Why Jeff Bezos Wants You to Be Patient With the Fire Phone

NEW YORK (TheStreet) --  Amazon (AMZN) CEO Jeff Bezos believes that although the Fire Phone initially has been a disappointment, it's going to take time to get it right.

"The hardware team is working hard, the Amazon Fire TV and Fire TV stick, they're working hard to build enough to meet demand," Bezos said at Business Insider's IGNITION 2014 conference. Bezos noted that one of his jobs is to encourage people to be bold and though it's hard to get people to take bold bets he doesn't want to be in a position where the company has to make "Hail Mary" throws to fix it.

"It's going to take many iterations of the phone to get it right. Ask me in a number of years," Bezos said.

Initiatives like Amazon Web Services, the Kindle e-readers and tablets and the company's third-party marketplace are examples of mature businesses that are generating free cash flow and high return on invested capital, allowing Amazon to move into other areas by investing that cash and expanding. "It's like having a lemonade stand for 20 years and move into hamburger stand, hot dog stand and so on and so on."

Amazon noted Monday that sales of its Fire tablets were up three times year over year on Black Friday, and Kindle e-readers did even better, growing four times from last year.

In the third quarter, Amazon said operating cash flow increased 15% year over year to $5.71 billion for the trailing 12 months, and free cash flow nearly tripled to $1.08 billion for the trailing 12 months. The results included the purchase of Amazon's new Seattle headquarters for $1.4 billion.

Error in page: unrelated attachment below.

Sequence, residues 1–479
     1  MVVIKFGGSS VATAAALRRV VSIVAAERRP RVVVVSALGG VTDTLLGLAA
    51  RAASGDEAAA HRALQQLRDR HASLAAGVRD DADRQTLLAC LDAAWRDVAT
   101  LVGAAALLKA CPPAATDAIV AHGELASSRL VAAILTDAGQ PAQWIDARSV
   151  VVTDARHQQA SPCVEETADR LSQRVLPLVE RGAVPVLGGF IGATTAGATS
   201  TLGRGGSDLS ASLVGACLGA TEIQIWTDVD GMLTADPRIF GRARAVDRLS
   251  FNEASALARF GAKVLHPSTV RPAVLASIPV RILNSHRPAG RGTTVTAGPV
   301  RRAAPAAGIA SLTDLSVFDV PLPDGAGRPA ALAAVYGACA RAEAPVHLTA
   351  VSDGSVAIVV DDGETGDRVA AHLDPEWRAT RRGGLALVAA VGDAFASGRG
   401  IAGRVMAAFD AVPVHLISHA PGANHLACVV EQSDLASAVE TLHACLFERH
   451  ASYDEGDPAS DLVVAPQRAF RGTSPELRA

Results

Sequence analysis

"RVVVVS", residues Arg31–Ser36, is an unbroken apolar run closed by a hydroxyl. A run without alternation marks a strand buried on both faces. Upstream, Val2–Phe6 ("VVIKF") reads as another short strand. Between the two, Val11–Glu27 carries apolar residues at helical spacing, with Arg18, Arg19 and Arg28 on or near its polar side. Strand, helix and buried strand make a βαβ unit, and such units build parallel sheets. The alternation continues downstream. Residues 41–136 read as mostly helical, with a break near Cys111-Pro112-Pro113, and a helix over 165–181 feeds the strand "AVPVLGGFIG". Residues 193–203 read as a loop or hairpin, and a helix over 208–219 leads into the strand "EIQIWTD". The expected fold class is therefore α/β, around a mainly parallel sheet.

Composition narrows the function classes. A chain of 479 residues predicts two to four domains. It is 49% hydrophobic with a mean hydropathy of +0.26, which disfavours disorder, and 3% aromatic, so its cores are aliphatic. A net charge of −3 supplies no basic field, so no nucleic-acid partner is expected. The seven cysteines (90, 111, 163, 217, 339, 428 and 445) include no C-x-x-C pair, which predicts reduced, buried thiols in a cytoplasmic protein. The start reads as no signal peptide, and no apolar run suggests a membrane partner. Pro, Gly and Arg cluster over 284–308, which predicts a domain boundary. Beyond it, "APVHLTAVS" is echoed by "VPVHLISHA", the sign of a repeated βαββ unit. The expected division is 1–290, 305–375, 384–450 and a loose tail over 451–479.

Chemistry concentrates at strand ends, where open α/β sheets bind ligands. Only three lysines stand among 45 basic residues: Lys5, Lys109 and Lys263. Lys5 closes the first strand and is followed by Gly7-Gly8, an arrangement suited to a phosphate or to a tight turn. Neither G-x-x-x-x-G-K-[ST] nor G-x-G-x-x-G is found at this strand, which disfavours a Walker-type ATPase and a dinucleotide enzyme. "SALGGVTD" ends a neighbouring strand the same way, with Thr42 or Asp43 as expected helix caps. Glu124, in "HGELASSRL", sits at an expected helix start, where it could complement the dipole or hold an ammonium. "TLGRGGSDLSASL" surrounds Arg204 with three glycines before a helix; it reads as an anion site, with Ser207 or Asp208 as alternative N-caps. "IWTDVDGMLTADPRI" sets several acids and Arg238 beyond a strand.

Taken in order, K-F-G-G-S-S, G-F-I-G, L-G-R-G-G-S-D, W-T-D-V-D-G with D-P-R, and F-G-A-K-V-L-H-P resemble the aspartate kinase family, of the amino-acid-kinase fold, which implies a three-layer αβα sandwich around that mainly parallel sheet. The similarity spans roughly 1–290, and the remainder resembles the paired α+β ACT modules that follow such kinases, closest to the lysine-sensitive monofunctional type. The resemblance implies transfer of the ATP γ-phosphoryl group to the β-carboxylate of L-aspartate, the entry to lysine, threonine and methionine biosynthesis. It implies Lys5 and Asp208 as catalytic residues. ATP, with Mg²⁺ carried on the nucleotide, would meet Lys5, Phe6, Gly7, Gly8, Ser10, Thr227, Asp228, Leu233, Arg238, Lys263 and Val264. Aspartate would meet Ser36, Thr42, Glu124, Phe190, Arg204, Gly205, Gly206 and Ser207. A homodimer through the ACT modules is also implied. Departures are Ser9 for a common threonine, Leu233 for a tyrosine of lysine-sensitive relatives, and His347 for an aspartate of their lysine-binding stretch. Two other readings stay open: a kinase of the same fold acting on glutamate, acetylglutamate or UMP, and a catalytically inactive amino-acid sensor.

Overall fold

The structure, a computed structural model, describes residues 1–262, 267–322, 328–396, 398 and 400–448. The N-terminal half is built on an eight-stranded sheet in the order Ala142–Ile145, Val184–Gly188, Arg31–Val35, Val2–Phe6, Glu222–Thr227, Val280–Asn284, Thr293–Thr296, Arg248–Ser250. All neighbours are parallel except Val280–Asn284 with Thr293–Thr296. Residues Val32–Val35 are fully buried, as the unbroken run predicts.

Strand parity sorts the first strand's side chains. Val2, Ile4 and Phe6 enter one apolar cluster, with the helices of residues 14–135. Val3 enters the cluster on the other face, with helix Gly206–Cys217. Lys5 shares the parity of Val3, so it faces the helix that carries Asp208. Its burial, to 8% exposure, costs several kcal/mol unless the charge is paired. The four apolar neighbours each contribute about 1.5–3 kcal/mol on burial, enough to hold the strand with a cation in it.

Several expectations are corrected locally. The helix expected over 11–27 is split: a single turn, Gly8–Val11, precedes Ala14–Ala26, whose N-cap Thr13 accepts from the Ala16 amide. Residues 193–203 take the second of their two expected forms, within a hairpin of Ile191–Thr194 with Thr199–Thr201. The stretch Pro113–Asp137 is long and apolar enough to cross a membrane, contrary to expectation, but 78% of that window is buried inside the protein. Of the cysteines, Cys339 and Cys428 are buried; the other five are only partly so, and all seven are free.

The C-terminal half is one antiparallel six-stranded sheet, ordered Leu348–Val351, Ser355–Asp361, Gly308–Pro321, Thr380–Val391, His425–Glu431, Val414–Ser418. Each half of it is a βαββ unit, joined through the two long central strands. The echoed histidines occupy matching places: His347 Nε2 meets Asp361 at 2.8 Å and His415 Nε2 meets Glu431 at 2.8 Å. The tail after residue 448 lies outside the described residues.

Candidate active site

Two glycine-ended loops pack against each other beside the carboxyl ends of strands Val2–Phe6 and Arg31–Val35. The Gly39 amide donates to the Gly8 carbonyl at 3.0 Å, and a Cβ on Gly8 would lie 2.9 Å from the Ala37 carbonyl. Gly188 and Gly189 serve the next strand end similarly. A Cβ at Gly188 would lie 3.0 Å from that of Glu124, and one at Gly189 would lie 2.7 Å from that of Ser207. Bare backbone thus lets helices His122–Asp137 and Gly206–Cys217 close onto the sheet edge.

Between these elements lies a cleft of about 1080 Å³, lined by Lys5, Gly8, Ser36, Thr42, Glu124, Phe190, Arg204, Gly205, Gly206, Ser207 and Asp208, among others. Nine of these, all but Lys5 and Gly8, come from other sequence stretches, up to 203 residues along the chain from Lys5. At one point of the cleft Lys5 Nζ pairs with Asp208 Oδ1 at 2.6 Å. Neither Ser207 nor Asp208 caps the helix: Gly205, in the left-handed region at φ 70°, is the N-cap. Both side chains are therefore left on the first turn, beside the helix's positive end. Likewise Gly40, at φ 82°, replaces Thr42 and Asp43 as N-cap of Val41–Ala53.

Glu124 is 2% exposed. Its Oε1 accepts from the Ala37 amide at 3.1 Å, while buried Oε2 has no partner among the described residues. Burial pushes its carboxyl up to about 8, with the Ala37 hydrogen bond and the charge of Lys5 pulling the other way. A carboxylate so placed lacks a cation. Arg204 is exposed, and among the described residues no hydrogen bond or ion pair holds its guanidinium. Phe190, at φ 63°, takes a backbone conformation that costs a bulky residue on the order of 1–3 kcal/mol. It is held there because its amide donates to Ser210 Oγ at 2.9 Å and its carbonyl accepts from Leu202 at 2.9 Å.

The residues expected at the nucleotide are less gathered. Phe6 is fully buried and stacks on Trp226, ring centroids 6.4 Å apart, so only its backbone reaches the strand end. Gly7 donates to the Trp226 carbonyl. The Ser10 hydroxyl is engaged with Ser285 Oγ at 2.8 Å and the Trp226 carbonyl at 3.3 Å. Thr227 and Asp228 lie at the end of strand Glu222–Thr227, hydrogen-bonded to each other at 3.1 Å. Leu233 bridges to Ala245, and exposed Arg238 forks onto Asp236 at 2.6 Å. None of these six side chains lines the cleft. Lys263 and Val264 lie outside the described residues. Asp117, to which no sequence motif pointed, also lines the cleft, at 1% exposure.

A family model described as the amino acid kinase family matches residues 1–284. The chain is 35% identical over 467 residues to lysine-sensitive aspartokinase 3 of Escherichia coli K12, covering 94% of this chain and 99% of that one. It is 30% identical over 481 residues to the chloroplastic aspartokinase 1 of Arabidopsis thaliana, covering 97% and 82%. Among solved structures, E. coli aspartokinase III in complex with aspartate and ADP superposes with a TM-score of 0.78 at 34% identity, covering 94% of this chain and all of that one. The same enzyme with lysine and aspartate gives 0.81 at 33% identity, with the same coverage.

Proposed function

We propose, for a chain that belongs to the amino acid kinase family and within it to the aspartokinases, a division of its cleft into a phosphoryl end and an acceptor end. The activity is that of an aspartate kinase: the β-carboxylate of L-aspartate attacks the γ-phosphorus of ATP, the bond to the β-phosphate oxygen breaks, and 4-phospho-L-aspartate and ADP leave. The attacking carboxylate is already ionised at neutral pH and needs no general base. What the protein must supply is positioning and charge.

Interviewer Henry Blodget pressed Bezos at the conference saying that although Amazon's free cash flow and ROIC metrics are solid the company hasn't turned a profit in some time. Bezos reminded the conference that Amazon said it would make big bets and some would fail.

"Warren Buffet has a great quote: 'You can hold a rock concert and a ballet concert, but don't advertise rock concert as a ballet.' Investors come in all shapes and sizes, there's not one type of investor. We said in our 1997 shareholder letter that we're going to take big bets and some will fail. You need to be clear about who you are," Bezos said

In the company's third quarter, Amazon said it lost 95 cents a share on revenue of $20.58 billion. Analysts were expecting a loss of 74 cents a share on revenue of $20.84 billion.

Guidance for the all-important holiday quarter is weak at first blush, with the company expecting sales to be between $27.3 billion and $30.3 billion, below analysts' estimates of $30.86 billion, according to Thomson Reuters. Amazon also expects to post a wide range of operating results next quarter, between a loss of $570 million and a gain of $430 million, including $470 million in stock-based compensation.

Bezos, who noted there is now a succession plan at Amazon (though he didn't reveal the plan), said although the company's stock price has been down 15% since the start of the year, it would be a mistake to focus on the quarterly numbers. Investors should instead focus on the controllable inputs, which drive better long-term results.

"Our stock price over a year, two years, five years, 10 years looks pretty good. We're a large company, but also because of our new areas, we're a startup and startups are volatile," Bezos said.

Amazon shares were lower in Tuesday trading, falling 0.6% to $324.02.

-- Written by Chris Ciaccia in New York

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